Man’s best friend.  Bred over thousands of years to be pleasing to mankind, and we did a damn good job of it. 

 

What’s on your list?  Music, food cuisines, flying, the internet, or art?  Stamp collecting, baseball, or the Wire?  Cars, motorcycles, or skiing?  Bach, Da Vinci, or Warhol?  Christianity, Will Farrell, or the Godfather?  Butter?  Show us your civilized side.


Deer Hunting for Locavores: Photo Essay

Warning: Some of the pictures below show graphic images of a deer being butchered.  There are also graphic images of classroom instruction, target practice, and naps in the sunshine.  All acts of killing, field dressing, and butchering the deer were conducted with respect.

Click on the images below to start the slideshow!


Deer Hunting for Locavores: Day One

Things I learned today:

- Women are the fastest growing population of hunters.  (Read this great NYT piece by Betty Fussell, who bagged her first deer at the wonderful age of 82.  She attended Jackson’s NYC talk with us a couple months ago.)

- It takes brains to hunt deer.  The only reason deer haven’t been hunted to extinction a long time ago (like many other wild animals on the east coast) is that they are smart, stay hidden, and avoid humans.

- Bow hunting is hard.  Only 30% of bow hunters tagged a deer last season in Virginia.

- Bambi, the movie, is wildly inaccurate as to actual deer ecology and behavior.

- Don’t wear blue jeans to hunt.  Deer see blue (and ultraviolet), but not the red side of the spectrum. 

- Deer use hearing to detect predators, then confirm using smell and sight .

- Supposedly I am a natural with a pistol.  (Not bad with a rifle, but need some work.)

 

Tomorrow we’ll be field dressing, butchering, and cooking a deer.


Assorted links: Evolution in action

1. Invasion of the Super Weeds (Pollan is spot on.)

2. Neanderthal / Homo Sapiens interbreeding (More on this later.)

3. New species discovered that doesn’t breathe oxygen (Evolution is smarter than we are.)

 

Question: Is taking an evolutionary perspective on weed resistance a fad?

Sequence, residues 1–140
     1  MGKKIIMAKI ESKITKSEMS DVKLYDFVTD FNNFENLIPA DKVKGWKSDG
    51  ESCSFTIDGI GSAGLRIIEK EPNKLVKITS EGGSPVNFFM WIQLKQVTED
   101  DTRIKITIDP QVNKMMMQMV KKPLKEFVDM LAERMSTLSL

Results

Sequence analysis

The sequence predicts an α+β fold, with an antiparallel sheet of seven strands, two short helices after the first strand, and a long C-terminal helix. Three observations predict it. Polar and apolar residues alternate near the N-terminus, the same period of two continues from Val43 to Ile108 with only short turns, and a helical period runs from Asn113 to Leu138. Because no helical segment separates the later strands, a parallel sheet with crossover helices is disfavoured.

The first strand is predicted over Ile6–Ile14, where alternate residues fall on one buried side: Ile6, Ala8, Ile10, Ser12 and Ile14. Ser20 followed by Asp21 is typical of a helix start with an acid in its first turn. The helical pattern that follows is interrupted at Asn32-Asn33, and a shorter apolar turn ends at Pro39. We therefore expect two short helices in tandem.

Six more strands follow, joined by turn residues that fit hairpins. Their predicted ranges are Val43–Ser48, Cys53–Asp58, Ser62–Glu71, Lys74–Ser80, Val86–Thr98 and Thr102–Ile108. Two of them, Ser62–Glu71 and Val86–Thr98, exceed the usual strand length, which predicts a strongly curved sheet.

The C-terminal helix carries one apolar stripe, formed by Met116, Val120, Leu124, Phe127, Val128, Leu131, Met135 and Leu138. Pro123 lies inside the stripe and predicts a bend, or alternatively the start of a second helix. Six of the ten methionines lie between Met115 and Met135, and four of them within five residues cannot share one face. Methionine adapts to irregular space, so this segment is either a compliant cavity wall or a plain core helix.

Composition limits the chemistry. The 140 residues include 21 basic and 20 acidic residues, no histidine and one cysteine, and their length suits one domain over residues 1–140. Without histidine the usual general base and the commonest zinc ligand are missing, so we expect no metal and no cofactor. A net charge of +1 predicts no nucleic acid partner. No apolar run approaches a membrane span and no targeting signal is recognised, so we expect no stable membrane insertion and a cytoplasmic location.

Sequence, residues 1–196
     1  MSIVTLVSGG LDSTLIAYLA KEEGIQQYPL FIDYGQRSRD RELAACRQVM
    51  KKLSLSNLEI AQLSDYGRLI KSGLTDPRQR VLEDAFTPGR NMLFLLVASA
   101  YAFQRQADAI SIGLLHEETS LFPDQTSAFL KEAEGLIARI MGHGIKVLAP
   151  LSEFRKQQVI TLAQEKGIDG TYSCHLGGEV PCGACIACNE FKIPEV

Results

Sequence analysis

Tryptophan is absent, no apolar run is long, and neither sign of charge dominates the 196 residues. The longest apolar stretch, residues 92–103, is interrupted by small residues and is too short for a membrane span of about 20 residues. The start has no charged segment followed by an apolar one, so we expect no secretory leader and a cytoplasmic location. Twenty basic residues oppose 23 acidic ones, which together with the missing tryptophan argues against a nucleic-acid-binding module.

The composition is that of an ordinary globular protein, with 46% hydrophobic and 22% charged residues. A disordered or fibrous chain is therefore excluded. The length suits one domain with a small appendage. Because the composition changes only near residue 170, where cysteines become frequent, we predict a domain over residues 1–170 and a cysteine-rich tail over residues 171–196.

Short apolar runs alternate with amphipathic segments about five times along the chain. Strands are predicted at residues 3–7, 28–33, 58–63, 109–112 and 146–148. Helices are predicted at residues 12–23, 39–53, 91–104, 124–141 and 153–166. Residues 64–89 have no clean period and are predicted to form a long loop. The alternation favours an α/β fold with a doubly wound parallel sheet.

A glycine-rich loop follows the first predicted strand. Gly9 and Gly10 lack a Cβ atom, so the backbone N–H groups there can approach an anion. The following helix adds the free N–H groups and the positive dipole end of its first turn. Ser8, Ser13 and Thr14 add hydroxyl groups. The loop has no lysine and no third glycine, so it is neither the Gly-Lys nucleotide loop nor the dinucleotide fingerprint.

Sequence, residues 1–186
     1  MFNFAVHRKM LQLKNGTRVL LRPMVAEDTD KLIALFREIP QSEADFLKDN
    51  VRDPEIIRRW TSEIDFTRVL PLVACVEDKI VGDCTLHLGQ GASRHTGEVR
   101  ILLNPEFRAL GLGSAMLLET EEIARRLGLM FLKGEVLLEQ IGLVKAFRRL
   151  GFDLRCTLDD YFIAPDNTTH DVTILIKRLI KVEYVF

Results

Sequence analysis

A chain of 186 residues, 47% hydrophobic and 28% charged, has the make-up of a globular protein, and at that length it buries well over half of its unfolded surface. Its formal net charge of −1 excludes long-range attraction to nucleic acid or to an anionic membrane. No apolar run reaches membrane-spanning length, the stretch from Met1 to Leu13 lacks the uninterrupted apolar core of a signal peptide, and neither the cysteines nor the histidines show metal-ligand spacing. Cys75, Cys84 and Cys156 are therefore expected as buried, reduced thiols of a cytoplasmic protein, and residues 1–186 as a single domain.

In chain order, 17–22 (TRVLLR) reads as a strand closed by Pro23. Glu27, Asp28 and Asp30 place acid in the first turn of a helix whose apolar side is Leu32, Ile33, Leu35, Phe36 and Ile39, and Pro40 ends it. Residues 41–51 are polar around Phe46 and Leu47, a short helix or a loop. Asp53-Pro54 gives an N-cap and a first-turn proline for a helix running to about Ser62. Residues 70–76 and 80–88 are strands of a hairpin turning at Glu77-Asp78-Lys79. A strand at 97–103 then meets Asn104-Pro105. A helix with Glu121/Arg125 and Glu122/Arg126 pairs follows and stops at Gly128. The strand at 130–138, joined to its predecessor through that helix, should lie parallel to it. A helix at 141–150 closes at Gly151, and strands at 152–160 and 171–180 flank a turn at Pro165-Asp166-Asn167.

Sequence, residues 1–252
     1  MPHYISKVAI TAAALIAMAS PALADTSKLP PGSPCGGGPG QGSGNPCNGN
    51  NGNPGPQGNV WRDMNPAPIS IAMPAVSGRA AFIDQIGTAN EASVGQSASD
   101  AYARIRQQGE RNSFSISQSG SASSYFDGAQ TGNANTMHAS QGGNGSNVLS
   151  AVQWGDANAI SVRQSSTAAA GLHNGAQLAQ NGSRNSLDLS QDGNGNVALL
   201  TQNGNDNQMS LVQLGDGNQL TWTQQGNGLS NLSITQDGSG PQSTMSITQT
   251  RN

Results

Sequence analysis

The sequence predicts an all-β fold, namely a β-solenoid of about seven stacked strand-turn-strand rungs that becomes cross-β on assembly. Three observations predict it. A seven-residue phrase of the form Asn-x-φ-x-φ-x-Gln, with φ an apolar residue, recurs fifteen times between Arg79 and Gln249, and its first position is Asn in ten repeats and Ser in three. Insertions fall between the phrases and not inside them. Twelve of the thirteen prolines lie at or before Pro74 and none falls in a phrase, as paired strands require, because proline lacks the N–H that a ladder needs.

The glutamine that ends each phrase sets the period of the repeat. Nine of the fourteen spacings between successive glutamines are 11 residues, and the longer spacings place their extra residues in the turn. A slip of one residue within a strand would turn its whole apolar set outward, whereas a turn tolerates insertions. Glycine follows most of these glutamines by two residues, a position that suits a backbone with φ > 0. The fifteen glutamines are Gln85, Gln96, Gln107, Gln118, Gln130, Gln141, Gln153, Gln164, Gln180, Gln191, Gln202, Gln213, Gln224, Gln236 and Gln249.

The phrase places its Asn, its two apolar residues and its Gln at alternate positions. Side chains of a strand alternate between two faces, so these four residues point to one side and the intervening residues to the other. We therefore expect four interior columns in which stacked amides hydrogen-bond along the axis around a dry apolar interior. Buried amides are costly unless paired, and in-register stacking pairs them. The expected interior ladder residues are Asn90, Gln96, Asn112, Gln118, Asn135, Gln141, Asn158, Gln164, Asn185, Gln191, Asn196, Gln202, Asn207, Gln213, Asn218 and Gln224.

Answer: No.  It will never go out of fashion.  Draw your own conclusions.


Personality and Food

I work in personality.  I’m Director of Research at an internet start-up called Mindset Media, and we help brands target large audiences who have a common personality trait, like creativity, extroversion, or modesty.  We were founded on the premise that people are more than just a set of demographic stereotypes (age, sex, income, race).  People have individual personalities, and our personality traits, or Mindsets, relate to what music we listen to, what cars we drive, and how we vote.  Pretty cool stuff.

At the office, we subscribe to Psychology Today, and I picked up the new issue earlier this week.  Two surprises greeted me on the cover.  The first surprise was that the cover didn’t show a half-naked beautiful woman.  (The folks at Psychology Today are a little too aware that sex sells magazines — 7 of the last 10 issues feature a beautiful woman’s face, a sexy woman’s body, or cover the topic of love and relationships.)  The SECOND surprise was one of the featured cover stories — "Caveman Cravings: The Allure of An Ancient Diet".  A random and hilarious intersection of two of my worlds: personality and food.  My co-workers and I had a good laugh.

Make no mistake, personality and food are strongly related.  That will be the topic of my talk at the Ancestral Health Symposium next year. I’ll be blogging more about it, but if you want to waste four minutes of your life, you can listen to my interview on KFWB Los Angeles last year about beer and personality.